Williams’ central argument is that culture is ordinary, the reason for that could be that he had such an ordinary life growing up in an ordinary agricultural community. Every human society is different and has its own shape and purposes and expresses these for example in institutions, in arts and learning (Szeman and Kaposy 2011: 53). A society consists of people who share common meanings and directions, the growth of a society is a huge process and it changes constantly because of new experiences and discovery. According to Williams the term culture has two meanings, first that it is “a whole way of life” and second “the arts and learning”. Contrary to other writers, Williams uses both of these meanings and not just one or the other. When we think about it, we also use these meanings for the term culture. For example when someone is cultured we tend to think of “the arts and learning” (Szeman and Kaposy 2011: 54).
There are also two senses of culture; the first sense Williams discovered at Cambridge in a teashop it was a special sense of culture, the culture of cultivated people. At first he calls it “Teacup culture”, this was the concept of high culture, that only the elitist part of the population is able for culture. Secondly he mentions “culture-vultures”, they perceive culture only as high culture and see culture as something that is a product from the upper class people. Williams believes that culture is not just for a specific group of people, it is for everybody, that’s why culture is ordinary (“Close Reading: Culture Is Ordinary by Raymond Williams” 2011: n. pag.).
The Marxists gave Williams three very important ideas, but he accepts only the first. The first idea is, that “culture must be interpreted through its underlying system of production” (Schnupp 2007: n. pag.). The new systems of production influence and create new culture, thought and art. Williams agrees with the second idea that he lives in a class-dominated culture and that it is not easy to get education, especially for the poorer population. What Williams disagrees with is the idea that the masses are ignorant. The third point, which Williams also disagrees with, is “the premise that a culture is a tapestry of individual and collective meanings, of personal and social experience, and as such are living and ever-changing, impossible to dictate through a change in system of production” (Schnupp 2007: n. pag.).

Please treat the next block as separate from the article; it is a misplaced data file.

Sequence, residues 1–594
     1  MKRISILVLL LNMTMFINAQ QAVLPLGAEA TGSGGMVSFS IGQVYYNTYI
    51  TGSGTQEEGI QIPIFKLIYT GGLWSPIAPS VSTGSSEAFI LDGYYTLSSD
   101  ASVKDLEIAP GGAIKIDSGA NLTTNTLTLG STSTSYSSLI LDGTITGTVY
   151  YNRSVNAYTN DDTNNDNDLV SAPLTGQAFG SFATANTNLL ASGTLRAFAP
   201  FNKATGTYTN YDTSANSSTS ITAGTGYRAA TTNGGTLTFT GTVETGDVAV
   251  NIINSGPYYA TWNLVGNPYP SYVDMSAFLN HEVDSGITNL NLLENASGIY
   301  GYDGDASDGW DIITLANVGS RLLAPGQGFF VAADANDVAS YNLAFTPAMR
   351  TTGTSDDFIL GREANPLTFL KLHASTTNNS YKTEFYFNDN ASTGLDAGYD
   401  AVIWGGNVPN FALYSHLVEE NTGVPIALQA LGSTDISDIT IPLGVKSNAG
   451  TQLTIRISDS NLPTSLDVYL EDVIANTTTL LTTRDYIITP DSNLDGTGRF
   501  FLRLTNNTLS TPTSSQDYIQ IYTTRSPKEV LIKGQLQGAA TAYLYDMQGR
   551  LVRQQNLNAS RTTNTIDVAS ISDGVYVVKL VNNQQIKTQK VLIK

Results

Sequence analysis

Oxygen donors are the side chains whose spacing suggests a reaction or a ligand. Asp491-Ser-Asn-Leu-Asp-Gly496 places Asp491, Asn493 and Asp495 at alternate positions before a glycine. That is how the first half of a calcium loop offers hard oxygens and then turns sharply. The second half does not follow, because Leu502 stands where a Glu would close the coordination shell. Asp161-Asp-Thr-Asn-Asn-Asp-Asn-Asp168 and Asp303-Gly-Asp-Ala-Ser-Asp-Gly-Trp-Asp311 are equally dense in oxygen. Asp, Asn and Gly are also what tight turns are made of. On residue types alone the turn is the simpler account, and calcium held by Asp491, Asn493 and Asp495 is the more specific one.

Next Williams moves on to Leavis and his ideas. Leavis knew more about the relations between art and experience than any Marxist Williams have ever met. From Leavis he have learned what he thinks is wrong with English culture. His idea was that the old and mainly agricultural England with a traditional culture has been replaced by an industrialized state and that the industrial revolution ruined the English culture. Williams refuses this, because he came from a working-class background and they were glad about the changes the industrial revolution brought. According to him the good common culture can be made but we have to disprove “two false equations, one false analogy, and one false proposition” (Szeman and Kaposy 2011: 56).
The false proposition is that new technologies and industrialization brought ugliness and pollution but that it is a price we have to pay. These improvements are something that we cannot give up on. The two false equations are more difficult than the false proposition. Williams can’t accept the first equation between popular education and the new commercial culture for two reasons. First is that he doesn’t believe in the idea of the masses, for him there are no masses we can only see people as masses. Because of the industrialization people met other people they did not know and referred to them as masses. The term mass was used as a new word for a group of unknown people. Williams’s second reason is historical according to him the effect of popular education was not commercial culture, he explains it like this: “The bad new commercial culture came out of social chaos of industrialism, and out of success, in this chaos, of the ‘masses’ formula, not out of popular education” (Szeman and Kaposy 2011: 57). The next false equation is that the badness of popular culture is “a true guide to the state of mind and feeling, the essential quality of living of its consumers”. Finally he has to disprove the false analogy that bad culture will drive out good culture (Szeman and Kaposy 2011: 58). According to Williams bad culture does not drive out good culture, the increase of low culture is because of the fact that the culture we live in is constantly expanding just like all the elements in our culture themselves.